Facebook is the biggest social network in the world, so it may come as a surprise to some that up until early 2008, it didn’t offer any localized versions of the site at all. The company managed to jumpstart its international presence with an application fittingly called Translations, which took the time-consuming and costly task of translating the site and crowd-sourced it, asking the network’s millions of users to lend a hand. The process proved to be very efficient: Facebook launched a Spanish site in Feburary 2008, only a few weeks after unveiling the app, and by June it had support for 16 more languages. It’s now up to over 60, including right-to-left reading languages like Hebrew. And now, Facebook is trying to patent the process that helped turn it into an international goliath.
Facebook filed the patent application with the US Patent & Trademark Office in December 2008, but it only recently made its way online. The application is currently going through the office’s examination process, and you can be sure that plenty of sites are hoping it doesn’t go through.
Here’s the patent’s abstract:
Embodiments of the invention provide techniques for translating text in a social network. In one embodiment translations of text phrases are received from members of the social network. These text phrases include content displayed in a social networking system, such as content from social networking objects. A particular member is provided with content including a text phrase in a first language, and the member requests translation into another language. Responsive to this request, a translation of the text phrase is selected from a set of available translations. The selection is based on actions by friends of the member in the social network, the actions being associated with the set of available translations. These actions can the viewing of or approval of translations by the friends, for example. The selected translation is then presented to the member requesting the translation.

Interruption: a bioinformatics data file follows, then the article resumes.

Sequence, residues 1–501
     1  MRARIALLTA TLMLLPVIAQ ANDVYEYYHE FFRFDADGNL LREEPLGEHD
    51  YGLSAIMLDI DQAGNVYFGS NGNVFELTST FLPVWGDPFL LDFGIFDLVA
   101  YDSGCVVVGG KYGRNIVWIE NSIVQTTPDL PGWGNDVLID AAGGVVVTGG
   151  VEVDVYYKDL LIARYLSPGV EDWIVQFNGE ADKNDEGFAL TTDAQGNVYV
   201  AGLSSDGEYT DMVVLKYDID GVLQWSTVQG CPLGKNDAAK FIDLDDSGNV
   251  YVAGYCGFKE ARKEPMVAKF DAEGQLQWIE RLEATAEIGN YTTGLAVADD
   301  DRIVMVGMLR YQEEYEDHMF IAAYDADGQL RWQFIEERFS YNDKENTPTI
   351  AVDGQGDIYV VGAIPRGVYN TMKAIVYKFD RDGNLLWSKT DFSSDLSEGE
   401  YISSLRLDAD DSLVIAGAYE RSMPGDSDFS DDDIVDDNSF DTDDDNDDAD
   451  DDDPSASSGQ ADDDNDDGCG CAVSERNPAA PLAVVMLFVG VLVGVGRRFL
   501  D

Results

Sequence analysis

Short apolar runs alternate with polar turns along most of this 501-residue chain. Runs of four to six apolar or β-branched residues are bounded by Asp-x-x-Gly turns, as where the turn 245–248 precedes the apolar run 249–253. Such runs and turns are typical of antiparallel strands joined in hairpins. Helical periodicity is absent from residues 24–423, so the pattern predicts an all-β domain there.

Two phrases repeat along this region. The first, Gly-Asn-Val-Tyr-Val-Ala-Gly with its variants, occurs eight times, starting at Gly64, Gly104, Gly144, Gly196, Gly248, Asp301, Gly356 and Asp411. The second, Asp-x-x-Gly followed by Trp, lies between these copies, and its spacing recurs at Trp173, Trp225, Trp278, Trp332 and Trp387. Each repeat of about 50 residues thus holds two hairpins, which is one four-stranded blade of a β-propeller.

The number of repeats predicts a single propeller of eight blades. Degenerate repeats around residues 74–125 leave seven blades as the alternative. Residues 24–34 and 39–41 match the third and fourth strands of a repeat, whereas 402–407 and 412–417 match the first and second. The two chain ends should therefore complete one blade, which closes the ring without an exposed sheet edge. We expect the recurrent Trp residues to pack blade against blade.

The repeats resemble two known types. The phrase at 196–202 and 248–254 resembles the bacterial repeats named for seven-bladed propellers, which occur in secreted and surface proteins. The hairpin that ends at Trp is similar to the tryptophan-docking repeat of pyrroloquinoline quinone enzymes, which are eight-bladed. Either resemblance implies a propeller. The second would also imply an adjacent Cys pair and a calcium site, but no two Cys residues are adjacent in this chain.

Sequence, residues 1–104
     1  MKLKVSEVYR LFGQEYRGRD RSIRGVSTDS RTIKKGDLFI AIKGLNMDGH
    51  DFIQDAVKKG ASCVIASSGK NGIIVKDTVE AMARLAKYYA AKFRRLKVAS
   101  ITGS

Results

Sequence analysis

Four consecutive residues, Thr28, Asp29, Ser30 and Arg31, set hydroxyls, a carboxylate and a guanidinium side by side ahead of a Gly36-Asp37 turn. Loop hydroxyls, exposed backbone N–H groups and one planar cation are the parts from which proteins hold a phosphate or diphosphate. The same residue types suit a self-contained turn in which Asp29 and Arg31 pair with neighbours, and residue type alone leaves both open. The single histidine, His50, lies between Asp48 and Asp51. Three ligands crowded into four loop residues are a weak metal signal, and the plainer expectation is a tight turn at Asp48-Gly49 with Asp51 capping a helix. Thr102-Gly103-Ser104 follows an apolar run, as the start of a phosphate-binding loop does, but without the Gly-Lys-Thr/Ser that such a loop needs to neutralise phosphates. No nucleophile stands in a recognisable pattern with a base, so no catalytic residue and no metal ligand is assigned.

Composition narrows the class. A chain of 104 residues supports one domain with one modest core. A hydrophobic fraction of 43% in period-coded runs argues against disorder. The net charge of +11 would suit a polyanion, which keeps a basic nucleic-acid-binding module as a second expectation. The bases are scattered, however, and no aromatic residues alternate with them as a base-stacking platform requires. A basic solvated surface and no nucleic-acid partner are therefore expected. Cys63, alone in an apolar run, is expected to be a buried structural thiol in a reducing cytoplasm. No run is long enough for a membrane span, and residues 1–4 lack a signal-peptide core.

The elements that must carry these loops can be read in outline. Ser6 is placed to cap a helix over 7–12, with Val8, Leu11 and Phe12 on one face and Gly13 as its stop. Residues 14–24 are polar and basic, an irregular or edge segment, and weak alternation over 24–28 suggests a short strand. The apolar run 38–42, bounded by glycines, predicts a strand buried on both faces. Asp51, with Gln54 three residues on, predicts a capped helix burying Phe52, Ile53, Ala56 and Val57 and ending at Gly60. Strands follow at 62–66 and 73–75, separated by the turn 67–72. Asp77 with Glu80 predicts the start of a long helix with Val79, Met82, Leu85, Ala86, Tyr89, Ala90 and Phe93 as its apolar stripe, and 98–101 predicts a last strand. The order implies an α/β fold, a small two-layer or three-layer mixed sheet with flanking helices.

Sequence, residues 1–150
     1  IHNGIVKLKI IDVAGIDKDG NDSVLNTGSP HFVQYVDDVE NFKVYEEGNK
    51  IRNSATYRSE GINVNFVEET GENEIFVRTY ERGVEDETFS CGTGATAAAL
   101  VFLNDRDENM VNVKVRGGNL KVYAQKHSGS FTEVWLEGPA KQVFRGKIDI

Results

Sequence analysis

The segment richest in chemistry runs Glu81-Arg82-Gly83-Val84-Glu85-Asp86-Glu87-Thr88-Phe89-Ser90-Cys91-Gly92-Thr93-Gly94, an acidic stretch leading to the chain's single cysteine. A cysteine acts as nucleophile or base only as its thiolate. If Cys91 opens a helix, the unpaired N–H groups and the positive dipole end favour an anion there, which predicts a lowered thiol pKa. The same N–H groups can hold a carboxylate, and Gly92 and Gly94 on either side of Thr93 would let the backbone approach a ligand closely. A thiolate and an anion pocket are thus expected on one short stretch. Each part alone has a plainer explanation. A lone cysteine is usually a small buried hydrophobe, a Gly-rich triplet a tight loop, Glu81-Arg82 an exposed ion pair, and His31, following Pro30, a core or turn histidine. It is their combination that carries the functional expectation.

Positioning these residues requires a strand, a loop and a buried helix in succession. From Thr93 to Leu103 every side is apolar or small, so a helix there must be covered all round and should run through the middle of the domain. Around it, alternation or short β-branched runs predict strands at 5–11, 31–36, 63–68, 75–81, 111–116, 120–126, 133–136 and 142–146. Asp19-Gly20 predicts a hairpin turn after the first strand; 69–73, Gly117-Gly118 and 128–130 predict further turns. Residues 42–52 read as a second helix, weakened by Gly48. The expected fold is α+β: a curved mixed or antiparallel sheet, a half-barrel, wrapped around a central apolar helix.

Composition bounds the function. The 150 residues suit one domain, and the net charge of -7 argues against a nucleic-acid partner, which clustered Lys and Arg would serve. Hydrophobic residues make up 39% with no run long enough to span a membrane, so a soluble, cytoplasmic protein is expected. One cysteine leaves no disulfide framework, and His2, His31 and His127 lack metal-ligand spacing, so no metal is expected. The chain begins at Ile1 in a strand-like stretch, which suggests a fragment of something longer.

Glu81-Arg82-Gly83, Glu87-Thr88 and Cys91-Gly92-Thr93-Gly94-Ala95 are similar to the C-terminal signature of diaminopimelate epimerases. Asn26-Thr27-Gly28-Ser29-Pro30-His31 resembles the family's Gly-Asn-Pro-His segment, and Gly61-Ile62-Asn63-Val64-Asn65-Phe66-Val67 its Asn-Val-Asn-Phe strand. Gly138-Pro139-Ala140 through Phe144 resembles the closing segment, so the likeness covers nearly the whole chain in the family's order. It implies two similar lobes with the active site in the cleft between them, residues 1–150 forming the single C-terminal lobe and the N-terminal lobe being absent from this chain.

In layman’s terms, Facebook’s Translation app presents users with words that need to be translated, and they submit their entries. The system then invites other users to vote using Reddit-style up/down arrows to vote on which translations are best. This helps generate translations that are not just technically accurate, but also helps eliminate awkward or overly formal wording.
It’s a technique that has worked so well that other social networks have rolled out their own implementations. Hi5 launched a crowd-sourced translation model in spring 2008 (the site had already been professionally translated into 23 languages at that point), and even launched a crowdsourcing translation tool for OpenSocial developers last fall. But the reception of free crowdsourced translation hasn’t always been positive — LinkedIn recently conducted a survey to gauge what kind of incentive its users wanted to help it translate the professional networking site. The results? Most users would have been happy with some kind of free recognition, either through a leaderboard or on their profile, which is what Facebook does, but 45% expected to receive “upgraded accounts” for their efforts.
Of course, Facebook was hardly the first site to use the web to crowdsource localization. Meebo has used a user-edited Translation Wiki to generate the site’s translations since early 2006, though the site’s voting mechanisms are less robust. Now it’s up to the patent office to decide if the techniques employed by these other sites will represent prior art that would nullify Facebook’s patent. And you can be sure that’s what many people are hoping for — it would be highly frustrating for social networks down the line if they can’t leverage their own communities the way Facebook has.